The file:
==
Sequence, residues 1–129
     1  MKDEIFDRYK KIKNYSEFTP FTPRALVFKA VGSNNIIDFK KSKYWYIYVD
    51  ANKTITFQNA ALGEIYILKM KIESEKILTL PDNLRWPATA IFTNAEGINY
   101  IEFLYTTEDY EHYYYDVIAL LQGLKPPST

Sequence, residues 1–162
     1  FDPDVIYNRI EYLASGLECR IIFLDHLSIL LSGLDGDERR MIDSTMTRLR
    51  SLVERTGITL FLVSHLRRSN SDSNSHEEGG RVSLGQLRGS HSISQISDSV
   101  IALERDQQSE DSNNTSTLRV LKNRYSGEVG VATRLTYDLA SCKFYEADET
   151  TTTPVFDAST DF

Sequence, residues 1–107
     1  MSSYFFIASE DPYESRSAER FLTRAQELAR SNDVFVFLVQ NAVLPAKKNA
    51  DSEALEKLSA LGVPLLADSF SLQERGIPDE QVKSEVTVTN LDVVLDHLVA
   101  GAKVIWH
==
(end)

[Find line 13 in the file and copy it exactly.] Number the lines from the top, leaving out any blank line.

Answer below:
   101  GAKVIWH